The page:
Labor Fightback Network Charts Course to Win Immigrant Rights
In mid-May 2013, the founding conference of the Labor Fightback Network, held at Rutgers University (New Jersey), adopted a model resolution in support of immigrant rights that was distributed widely to unionists and activists across the country. The model resolution put forward the central demands raised over the past decade by a majority of the activist labor and immigrant rights’ organizations nationwide, stating:
“We as a labor movement have previously called for inclusive reform of our immigration laws, and adopted a position that demands a halt to deportations, amnesty/legalization for all undocumented workers, the strengthening of family reunification as the basis of immigration policy, protection of the right to organize for all workers, the repeal of employer sanctions, opposition to guest-worker programs, the demilitarization of our borders, and ‘fair trade’ policies that prevent the massive destruction of jobs and communities south of the border contained in the current ‘free trade’ agreements.”
Consistent with this perspective, the model resolution called on Congress to “create a rapid and inclusive way for 11 million undocumented immigrants to gain legal status and citizenship — not contingent upon border security measures or going to the ‘back of the line’ of prospective immigrants. Such a swift legalization process must lead to a green card, without requiring proof of continuous employment and without excluding people based on minor criminal records or based on learning English.”
The model resolution went on to call on Congress “to put an immediate halt to all deportations and all workplace enforcement actions. Enforcement programs such as Secure Communities, racial and ethnic profiling, and the use of detention, including mandatory and prolonged detention, should be ended. Mandatory E-Verify and I-9 audits should also be ended, as they build upon the flawed employer sanctions framework and push workers into an underground economy where workplace abuses are prevalent.”
The model resolution concluded by calling for a just immigration reform “that addresses the root causes of migration, and therefore calls for fundamental changes to NAFTA, CAFTA and all ‘free trade’ agreements; all provisions causing poverty and unemployment that force people to migrate to survive must be scrapped, and no new such agreements, like the Trans-Pacific Partnership, should be signed.”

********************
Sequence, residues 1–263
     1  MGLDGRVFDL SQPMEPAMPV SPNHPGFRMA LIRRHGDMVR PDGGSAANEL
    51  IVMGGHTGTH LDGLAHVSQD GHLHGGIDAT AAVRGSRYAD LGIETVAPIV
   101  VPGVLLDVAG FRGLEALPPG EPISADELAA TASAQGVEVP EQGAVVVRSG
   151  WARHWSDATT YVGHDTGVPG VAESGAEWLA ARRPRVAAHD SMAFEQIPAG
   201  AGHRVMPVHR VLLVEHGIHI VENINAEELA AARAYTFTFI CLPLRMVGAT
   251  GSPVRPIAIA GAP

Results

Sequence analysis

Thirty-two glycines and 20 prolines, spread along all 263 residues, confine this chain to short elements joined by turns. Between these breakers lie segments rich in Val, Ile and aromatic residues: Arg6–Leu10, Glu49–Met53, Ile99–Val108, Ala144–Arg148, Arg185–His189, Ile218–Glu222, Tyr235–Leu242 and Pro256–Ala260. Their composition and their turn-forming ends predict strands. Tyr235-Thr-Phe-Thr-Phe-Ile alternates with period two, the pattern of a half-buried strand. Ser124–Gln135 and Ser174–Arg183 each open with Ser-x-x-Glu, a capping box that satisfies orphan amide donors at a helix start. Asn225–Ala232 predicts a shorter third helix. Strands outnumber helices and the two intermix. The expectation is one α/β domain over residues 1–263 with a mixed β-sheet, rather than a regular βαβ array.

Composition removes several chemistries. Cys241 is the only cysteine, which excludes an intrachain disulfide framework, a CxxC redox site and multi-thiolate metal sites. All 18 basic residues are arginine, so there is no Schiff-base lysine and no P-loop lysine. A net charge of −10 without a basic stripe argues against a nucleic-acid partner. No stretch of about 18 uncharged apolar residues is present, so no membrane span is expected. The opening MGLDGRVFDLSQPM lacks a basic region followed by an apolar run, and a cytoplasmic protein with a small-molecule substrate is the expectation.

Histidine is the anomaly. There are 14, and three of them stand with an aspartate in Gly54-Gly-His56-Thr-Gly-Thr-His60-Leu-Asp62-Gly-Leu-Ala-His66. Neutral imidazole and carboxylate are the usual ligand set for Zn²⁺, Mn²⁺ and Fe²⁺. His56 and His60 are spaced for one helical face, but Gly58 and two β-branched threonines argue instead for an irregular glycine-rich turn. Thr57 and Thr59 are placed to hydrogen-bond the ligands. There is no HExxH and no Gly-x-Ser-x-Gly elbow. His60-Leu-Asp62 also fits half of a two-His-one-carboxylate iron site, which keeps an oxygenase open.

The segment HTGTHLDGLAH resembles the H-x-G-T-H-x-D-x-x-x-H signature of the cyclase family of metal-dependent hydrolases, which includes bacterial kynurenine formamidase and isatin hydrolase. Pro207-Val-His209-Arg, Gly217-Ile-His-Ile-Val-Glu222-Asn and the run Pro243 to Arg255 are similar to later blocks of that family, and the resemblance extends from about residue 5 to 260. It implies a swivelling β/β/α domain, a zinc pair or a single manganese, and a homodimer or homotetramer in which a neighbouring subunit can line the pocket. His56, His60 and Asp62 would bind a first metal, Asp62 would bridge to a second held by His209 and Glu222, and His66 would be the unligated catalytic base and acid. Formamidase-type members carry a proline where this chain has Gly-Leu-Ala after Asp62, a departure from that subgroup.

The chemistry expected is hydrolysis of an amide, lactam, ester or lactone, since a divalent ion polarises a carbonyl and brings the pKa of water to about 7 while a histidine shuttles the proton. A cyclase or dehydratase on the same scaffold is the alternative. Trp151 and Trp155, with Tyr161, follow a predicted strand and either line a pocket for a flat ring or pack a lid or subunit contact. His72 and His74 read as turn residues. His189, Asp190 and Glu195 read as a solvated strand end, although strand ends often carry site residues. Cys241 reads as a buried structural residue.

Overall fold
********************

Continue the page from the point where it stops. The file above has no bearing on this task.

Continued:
The Labor Fightback Conference model resolution’s demands stand in sharp contrast to the provisions contained in S.744 — the Comprehensive Immigration Reform (CIR) bill adopted by the Senate, with support from a wing of the Republican Party and the strong backing of the AFL-CIO leadership.
S.744 is a “border security first” bill based on an unacceptable tradeoff: a path to citizenship promised to 11 million undocumented immigrants over a 13-year period (with countless obstacles that will likely see fewer than 2 million to 3 million people reaching the finish line) in exchange for the stepped-up militarization of the border (in fact, the Senate bill allots $50 billion to “seal” the border), increased repression against new undocumented immigrants and/or current immigrants who do not have continuous employment over the 13-year span, and a supposedly new and improved “guest-worker” program.
It is an unfixable and unamendable bill, as it was crafted, essentially, to meet the objectives of the corporations.
LFN Model Resolution Opens Wide Discussion Within Labor Movement
On September 7, a national conference in Los Angeles of more than 45 labor and immigrant rights’ organizations endorsed the Labor Fightback Network model resolution, with a few slight amendments, and voted to print and distribute 1,200 copies of the amended resolution to the delegates attending the national AFL-CIO convention a few days later.
The resolution submitted by the newly formed United Front for Justice and Dignity was read and discussed widely by the convention delegates. It helped to promote a debate at the convention itself around a resolution — Resolution #23 — that was submitted by the Alameda County Central Labor Council and that contained many of the central demands put forward in the original LFN model resolution.
Resolution #23 called for “the protection of the right to organize for all workers, the repeal of employer sanctions, and opposition to ‘guest-worker’ programs.” It called for “a path to citizenship not contingent upon border security” — in open contradiction to the CIR principles and S.744.
Resolution #23 also called for “the end of enforcement programs such as Secure Communities and racial and ethnic profiling” and “reject[ed] the use of electronic employment verification systems, such as E-verify, which builds upon the flawed employer sanctions and pushes workers into an underground economy where workplace abuses are prevalent.”
And finally, Resolution #23 called for “immigration reform that will address the root causes of forced migration by reforming our international trade policies to protect workers and families of all nations.”
Though the convention delegates ultimately endorsed the CIR principles that are contained in S.744, many convention delegates rose to speak forcefully in support of Resolution #23. In fact, most of the delegates and labor allies who spoke on the issue at the convention or during the AFL-CIO’s own press conference on immigrant rights put forward views in opposition to S.744 and in support of a truly just and dignified immigration reform.